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Re: [Qemu-devel] [PATCH v9 11/37] qapi: Consolidate visitor small intege

From: Markus Armbruster
Subject: Re: [Qemu-devel] [PATCH v9 11/37] qapi: Consolidate visitor small integer callbacks
Date: Thu, 21 Jan 2016 10:05:14 +0100
User-agent: Gnus/5.13 (Gnus v5.13) Emacs/24.5 (gnu/linux)

Eric Blake <address@hidden> writes:

> On 01/20/2016 10:34 AM, Markus Armbruster wrote:
>> Eric Blake <address@hidden> writes:
>>> Commit 4e27e819 introduced optional visitor callbacks for all
>>> sorts of int types, but no visitor has supplied any of the
>>> callbacks for sizes less than 64 bits.  In other words, the
>>> generic implementation based on using type_[u]int64() followed
>>> by bounds-checking works just fine. In the interest of
>>> simplicity, it's easier to make the visitor callback interface
>>> not have to worry about the other sizes.
>>> Adding some helper functions minimizes the boilerplate required
>>> to correct FIXMEs added earlier with regards to questionable
>>> reuse of errp, particularly now that we can guarantee from a
>>> single file audit that value is unchanged if an error is set.
>>> Signed-off-by: Eric Blake <address@hidden>
>>> Reviewed-by: Marc-André Lureau <address@hidden>
>>> ---
>>> v9: hoist some of visitor-impl.h changes into 9/35 and 10/35
>>> v8: no change
>>> v7: further factor out helper functions that eliminate the
>>> questionable errp reuse
>>> v6: split off from v5 23/46
>>> original version also appeared in v6-v9 of subset D
>>> ---
>>>  include/qapi/visitor-impl.h |   8 +--
>>>  qapi/qapi-visit-core.c | 158
>>> +++++++++++++++++---------------------------
>>>  2 files changed, 60 insertions(+), 106 deletions(-)
>> Nice diffstat.
>>> diff --git a/include/qapi/visitor-impl.h b/include/qapi/visitor-impl.h
>>> index 45c1d3e..e6399d1 100644
>>> --- a/include/qapi/visitor-impl.h
>>> +++ b/include/qapi/visitor-impl.h
>>> @@ -1,7 +1,7 @@
>>>  /*
>>>   * Core Definitions for QAPI Visitor implementations
>>>   *
>>> - * Copyright (C) 2012 Red Hat, Inc.
>>> + * Copyright (C) 2012, 2015-2016 Red Hat, Inc.
>> git-log has authors @redhat.com in 2013 and 2014 as well.
> I didn't bother to check whether those edits were complex enough to
> warrant claiming copyright additions; but I'm also amenable to
> shortening to '2012-2016' on a respin regardless of the sizes of those
> edits.  As it is, I was not very careful about adding 2016 in the v9
> spin, so I may be inconsistent on which years are claimed where, in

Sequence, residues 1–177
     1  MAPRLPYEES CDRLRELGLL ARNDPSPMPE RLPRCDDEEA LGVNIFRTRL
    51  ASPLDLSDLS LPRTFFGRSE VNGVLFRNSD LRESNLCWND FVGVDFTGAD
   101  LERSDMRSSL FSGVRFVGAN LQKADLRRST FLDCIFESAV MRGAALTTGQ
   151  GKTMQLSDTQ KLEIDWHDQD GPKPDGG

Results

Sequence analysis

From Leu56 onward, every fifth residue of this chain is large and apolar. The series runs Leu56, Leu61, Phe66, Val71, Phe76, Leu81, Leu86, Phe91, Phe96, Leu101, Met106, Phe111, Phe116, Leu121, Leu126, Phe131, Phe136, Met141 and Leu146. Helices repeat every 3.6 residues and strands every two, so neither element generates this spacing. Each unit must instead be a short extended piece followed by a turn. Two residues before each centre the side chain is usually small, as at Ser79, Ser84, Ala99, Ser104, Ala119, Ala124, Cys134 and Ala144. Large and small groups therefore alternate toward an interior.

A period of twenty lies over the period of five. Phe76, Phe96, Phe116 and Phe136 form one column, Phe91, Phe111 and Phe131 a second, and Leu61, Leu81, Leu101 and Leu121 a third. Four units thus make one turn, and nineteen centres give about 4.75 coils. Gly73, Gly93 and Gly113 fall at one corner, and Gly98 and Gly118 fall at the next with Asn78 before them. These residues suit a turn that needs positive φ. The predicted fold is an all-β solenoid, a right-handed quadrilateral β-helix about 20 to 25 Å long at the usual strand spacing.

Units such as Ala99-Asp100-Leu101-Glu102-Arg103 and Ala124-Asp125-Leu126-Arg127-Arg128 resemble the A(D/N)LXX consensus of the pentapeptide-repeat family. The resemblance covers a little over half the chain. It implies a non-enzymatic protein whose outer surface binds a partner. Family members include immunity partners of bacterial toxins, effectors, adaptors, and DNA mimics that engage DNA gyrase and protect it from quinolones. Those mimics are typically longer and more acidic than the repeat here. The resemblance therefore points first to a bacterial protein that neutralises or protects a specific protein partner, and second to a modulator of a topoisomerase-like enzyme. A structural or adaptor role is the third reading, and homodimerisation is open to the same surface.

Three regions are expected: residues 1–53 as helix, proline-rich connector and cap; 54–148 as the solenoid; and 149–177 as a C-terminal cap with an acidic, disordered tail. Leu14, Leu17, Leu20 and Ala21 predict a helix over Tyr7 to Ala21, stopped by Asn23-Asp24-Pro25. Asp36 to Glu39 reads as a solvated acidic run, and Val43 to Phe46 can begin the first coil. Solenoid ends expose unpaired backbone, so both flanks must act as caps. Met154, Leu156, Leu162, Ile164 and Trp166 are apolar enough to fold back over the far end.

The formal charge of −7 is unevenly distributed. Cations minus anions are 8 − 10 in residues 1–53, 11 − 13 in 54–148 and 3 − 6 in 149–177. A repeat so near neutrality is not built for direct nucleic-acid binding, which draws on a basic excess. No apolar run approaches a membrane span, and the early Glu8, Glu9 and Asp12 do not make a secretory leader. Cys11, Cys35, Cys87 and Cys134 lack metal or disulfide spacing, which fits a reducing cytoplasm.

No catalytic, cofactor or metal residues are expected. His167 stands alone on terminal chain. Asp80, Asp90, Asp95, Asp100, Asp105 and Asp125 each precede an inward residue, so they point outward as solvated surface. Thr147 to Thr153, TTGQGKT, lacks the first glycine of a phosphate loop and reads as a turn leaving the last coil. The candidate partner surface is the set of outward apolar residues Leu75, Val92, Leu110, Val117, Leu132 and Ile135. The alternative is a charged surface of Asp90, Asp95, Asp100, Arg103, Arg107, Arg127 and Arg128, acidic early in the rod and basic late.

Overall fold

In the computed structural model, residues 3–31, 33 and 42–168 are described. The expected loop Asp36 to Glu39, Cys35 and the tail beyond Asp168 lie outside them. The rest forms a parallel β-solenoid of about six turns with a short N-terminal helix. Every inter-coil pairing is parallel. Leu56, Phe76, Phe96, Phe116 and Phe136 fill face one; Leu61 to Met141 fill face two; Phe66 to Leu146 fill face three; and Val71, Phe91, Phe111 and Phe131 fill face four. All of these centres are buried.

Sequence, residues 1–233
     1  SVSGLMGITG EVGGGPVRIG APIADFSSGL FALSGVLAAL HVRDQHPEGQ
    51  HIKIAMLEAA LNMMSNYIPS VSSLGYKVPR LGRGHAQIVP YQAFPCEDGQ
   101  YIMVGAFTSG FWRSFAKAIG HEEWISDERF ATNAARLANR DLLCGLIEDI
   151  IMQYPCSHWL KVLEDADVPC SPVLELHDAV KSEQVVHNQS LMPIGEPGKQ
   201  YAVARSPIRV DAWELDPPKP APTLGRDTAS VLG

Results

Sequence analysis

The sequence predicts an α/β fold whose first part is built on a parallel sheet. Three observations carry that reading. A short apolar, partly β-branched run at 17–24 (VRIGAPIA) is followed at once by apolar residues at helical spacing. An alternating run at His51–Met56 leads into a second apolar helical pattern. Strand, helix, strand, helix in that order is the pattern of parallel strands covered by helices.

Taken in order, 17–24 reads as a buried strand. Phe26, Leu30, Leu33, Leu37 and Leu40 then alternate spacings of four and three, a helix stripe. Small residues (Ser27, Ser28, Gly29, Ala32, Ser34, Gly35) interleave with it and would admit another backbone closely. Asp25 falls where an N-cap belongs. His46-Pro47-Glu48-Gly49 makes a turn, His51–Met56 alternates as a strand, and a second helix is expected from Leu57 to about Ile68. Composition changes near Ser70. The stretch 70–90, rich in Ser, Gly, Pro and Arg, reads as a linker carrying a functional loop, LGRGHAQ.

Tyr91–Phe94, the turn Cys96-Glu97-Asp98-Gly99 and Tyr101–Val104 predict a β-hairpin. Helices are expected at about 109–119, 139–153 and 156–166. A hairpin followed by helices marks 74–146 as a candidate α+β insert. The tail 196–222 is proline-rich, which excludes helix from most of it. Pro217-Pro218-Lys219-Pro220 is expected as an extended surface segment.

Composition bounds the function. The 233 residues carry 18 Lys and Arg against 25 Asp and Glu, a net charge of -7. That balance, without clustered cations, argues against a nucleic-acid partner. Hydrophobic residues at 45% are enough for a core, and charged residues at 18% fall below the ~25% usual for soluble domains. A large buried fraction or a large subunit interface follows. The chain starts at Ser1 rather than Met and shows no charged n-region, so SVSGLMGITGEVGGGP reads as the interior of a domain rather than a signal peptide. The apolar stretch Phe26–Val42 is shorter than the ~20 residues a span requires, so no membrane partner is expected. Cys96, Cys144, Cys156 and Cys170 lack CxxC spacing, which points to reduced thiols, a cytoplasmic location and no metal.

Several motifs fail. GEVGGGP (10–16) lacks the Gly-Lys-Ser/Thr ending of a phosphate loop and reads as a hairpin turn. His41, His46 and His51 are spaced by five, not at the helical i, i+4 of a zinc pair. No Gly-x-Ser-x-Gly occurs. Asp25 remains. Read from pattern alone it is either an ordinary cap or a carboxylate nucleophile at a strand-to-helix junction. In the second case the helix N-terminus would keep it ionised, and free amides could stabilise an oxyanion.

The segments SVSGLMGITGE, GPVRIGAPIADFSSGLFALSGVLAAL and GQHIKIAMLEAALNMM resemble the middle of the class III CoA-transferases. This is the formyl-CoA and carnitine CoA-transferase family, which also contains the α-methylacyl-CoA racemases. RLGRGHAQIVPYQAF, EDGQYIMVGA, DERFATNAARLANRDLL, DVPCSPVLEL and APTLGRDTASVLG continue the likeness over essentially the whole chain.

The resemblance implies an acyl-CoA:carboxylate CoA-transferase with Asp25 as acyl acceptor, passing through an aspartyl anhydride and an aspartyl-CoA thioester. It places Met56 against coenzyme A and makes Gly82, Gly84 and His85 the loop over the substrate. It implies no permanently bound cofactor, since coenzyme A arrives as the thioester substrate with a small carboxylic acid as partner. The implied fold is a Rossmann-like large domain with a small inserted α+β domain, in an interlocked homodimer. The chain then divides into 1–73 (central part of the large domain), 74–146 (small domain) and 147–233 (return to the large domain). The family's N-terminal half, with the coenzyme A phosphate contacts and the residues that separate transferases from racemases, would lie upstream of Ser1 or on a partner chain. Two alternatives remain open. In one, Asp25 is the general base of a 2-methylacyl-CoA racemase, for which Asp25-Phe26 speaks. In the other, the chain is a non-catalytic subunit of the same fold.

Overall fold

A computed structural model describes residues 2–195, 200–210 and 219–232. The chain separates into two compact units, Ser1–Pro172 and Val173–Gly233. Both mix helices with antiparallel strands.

> comparison to where I felt I was adding new copyrightable content rather
> than just minor fixing of existing content.

IANAL, but I feel claiming 2012-2016 when some of the years in the
middle saw only changes of debatable copyrightability is a pardonable

> [While it's nice that we DON'T have to assign copyright to a central
> organization to contribute to qemu, sometimes it is much nicer working
> on FSF code where a single copyright holder makes discussions like this
> moot.]
>>> +    } else if (value > max) {
>>> +        error_setg(errp, QERR_INVALID_PARAMETER_VALUE,
>>> +                   name ? name : "null", type);
>> We should clean up this name ? name : "null" nonsense some day.
> It all stems from whether the visitor is locally visiting { 'name':value
> } vs. [ value ]; in an array visit, there is no direct name.
> Maybe we could go a step higher; if we have:
> { 'name': [ value ] }
> then we could require callers to parse value by passing in "[name]" or
> "name[0]" rather than NULL.  Then audit the code to always pass in a
> sensible name at the top level of a parse.  It would even extend to 2-D
> arrays, via "[[name]]" or "name[0][0]".  But not in this series.

"Parameter 'null' expects int32_t" is not an acceptable error message.
It's better than crashing, but that's about it.

'null' is actively misleading.  The thing we choked on isn't named
'null'.  Even calling it a parameter is questionable.

A fix needs to identify the thing we choked on in a way that let's the
user find it.  '[[name]]' doesn't cut it, I'm afraid.

'expects int32_t' is below par, too.  Sure, a programmer will understand
it fine, but we need to explain things to the user in the user's term,
not in C programming jargon.

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